Sly on the intense gore of Rambo, working with Bruce and Arnold and being a prehistoric 80’s relic.
A few years back, movies like Rocky 6 and Rambo 4 would have been little more than a punch line. But for Sly, going more than a decade without a major box office hit was reason enough to go back to the drawing board.
“You have career peaks and valleys and you harken back to things that you’re sort of known for,” Sly told reelz.com during a recent interview. “Every actor would like to say that you’re Daniel Day-Lewis and have this incredible palette, but quite often you’re known for certain things. So I said, ‘If I could end my career on something, I’d like to finish up the loose end on Rambo.’ The last one [was in] Afghanistan and it didn’t work. And the last Rocky didn’t work, and so I wanted to focus on those two.”
To most everyone’s surprise, 2006’s Rocky Balboa opened to universally strong critical reviews, with many praising it as the best of the series since the first film.
Now Sly is bringing back his other R-named iconic character, John Rambo, in the fourth entry into the series that began with 1982’s excellent First Blood. This one is simply titled Rambo.
Entering the room of print press, Sly was all smiles, adorned in jeans and trademark skin-tight black tee, revealing an impressively chiseled physique for a man of any age.
Sitting at the table in front of us, he looked down at a sea of tape recorders and grinned: “Look at this. It’s like a pawn shop. I love it.”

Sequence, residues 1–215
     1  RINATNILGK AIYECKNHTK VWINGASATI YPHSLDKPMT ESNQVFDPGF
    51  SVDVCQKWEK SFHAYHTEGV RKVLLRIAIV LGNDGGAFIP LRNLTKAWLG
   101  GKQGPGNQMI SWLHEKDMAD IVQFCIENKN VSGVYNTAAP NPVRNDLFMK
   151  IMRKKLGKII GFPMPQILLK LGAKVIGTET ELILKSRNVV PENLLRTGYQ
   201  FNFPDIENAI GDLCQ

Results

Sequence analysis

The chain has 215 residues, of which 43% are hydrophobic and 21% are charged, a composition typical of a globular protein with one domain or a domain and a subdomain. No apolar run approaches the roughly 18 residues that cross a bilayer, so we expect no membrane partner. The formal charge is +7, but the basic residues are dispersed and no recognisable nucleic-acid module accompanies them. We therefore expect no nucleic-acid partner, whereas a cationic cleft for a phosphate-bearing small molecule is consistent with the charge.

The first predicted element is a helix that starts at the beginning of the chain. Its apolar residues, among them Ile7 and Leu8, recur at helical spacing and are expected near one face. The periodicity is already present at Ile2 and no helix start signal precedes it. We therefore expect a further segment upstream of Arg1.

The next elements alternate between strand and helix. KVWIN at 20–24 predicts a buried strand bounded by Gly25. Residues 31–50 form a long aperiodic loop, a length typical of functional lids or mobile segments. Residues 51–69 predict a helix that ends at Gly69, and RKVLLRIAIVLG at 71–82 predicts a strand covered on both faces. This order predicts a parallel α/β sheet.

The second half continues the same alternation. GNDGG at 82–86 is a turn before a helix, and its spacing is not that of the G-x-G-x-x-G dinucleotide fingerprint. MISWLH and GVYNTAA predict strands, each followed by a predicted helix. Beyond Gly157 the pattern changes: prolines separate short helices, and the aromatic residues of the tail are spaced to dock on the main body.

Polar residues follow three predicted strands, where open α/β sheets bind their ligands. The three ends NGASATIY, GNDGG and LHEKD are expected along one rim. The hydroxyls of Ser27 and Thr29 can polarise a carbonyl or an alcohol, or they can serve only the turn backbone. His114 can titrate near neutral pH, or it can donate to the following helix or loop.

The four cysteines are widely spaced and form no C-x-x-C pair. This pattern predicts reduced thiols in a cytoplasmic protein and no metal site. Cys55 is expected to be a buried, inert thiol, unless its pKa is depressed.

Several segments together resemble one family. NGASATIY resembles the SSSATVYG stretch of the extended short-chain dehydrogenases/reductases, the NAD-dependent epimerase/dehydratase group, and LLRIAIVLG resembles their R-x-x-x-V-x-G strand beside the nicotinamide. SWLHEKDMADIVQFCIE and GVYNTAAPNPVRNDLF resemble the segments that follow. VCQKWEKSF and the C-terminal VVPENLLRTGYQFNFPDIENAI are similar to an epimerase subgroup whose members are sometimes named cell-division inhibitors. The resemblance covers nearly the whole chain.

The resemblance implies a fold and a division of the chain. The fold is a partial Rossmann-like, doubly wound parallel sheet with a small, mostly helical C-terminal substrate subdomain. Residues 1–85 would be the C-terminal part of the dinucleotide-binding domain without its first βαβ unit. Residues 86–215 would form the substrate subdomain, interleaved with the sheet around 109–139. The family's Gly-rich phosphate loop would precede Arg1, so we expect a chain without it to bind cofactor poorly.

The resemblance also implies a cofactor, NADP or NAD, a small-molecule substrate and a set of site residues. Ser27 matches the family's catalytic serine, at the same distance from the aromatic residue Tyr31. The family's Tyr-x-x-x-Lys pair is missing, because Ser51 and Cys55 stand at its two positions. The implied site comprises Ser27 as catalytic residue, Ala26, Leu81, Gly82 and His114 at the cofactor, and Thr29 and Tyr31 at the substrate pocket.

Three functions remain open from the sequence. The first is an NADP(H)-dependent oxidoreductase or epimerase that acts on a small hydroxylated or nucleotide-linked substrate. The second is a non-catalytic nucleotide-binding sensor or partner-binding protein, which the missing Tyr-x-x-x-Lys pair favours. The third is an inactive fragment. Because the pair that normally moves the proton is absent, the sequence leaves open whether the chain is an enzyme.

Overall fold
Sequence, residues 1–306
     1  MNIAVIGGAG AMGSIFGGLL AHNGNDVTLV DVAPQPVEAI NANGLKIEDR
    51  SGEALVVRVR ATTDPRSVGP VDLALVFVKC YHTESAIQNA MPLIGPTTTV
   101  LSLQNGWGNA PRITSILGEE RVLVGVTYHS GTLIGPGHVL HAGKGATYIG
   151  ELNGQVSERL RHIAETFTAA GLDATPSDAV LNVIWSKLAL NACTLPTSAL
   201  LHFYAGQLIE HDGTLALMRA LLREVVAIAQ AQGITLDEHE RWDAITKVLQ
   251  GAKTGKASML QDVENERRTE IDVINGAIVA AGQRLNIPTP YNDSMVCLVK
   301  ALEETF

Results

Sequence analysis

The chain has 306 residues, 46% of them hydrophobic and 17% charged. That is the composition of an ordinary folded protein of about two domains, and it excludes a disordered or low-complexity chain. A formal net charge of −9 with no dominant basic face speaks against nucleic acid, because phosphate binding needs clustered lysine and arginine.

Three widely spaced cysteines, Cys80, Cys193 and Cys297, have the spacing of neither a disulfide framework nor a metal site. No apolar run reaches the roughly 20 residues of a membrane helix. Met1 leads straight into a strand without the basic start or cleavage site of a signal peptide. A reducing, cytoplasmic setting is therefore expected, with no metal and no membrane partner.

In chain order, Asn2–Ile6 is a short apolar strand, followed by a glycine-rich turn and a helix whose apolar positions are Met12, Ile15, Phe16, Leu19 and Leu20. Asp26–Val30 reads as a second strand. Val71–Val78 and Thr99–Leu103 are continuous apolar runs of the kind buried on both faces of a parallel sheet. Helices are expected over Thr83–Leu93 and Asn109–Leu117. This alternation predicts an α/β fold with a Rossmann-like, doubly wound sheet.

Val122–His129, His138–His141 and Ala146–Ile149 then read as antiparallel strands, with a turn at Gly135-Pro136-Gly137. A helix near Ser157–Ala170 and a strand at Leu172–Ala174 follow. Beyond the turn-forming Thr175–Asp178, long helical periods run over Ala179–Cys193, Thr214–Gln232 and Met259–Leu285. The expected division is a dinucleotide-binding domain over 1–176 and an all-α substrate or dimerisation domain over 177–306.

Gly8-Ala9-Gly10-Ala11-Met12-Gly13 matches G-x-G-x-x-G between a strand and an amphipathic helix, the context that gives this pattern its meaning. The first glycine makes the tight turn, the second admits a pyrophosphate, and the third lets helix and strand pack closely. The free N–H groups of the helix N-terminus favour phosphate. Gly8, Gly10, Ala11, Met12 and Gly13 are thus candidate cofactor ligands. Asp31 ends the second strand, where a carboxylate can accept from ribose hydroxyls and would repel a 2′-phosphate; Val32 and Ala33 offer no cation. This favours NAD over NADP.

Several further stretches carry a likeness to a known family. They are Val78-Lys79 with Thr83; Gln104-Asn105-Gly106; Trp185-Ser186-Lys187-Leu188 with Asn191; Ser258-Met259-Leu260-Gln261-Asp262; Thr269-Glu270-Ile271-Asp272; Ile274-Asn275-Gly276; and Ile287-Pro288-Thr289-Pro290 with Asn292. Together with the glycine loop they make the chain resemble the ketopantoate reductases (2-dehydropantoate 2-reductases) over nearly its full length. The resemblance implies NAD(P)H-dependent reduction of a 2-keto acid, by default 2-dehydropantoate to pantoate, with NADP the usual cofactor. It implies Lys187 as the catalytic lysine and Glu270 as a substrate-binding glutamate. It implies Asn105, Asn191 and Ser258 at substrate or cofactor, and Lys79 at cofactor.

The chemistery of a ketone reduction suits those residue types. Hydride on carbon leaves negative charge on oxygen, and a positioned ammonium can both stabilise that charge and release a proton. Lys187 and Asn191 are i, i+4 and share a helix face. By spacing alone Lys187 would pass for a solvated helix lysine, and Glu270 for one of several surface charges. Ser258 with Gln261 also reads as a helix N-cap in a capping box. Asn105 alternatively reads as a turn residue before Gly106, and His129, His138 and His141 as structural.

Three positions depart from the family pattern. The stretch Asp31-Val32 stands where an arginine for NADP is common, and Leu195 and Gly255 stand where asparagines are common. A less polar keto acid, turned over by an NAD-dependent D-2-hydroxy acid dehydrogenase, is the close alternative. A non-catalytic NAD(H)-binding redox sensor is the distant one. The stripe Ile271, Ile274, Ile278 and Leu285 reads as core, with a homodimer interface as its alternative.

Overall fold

Make fun of Rocky and Rambo sequels all you like, but Sly knows where the money and the interest lies.
The first question involves media comparisons between George W. Bush and Rambo.
“I know, stop,” Sly laughs. “I know we share a birthday, but… You’re leaving me open. I could just slam that home. What rhymes with Rambo? Dumbo? Nooo….” (Laughs)
If you’ve seen the trailers or read any advance reaction to the latest Rambo film, you’ve probably heard something about the excessive violence of it. Even the promotional wing behind the project, Lionsgate, has been pretty open about the intense nature of the brutality..
When asked about Rambo being one of the most violent movies in years, Stallone has a great response: “Not one of the most. The most. I worked very hard for this.” (Laughs)
“As fate would have it, the world has gone through this transition the last twenty years. Maybe ten years ago this wouldn’t have even been acceptable. But right now with this inundation of violence and this constant bombardment of CNN everyday, I think there’s a kind of frustration building up and it needs a release… It was just good timing.”
Counting the number of deaths in Rambo is a sheer impossibility; by the movie’s end, the body count puts that of the entire Saw series to shame. But besides just glorifying the gore, Stallone also hopes to spread a message about the genocide going on in Burma. The movie opens with a series of newsreel bites to bring audiences up to speed.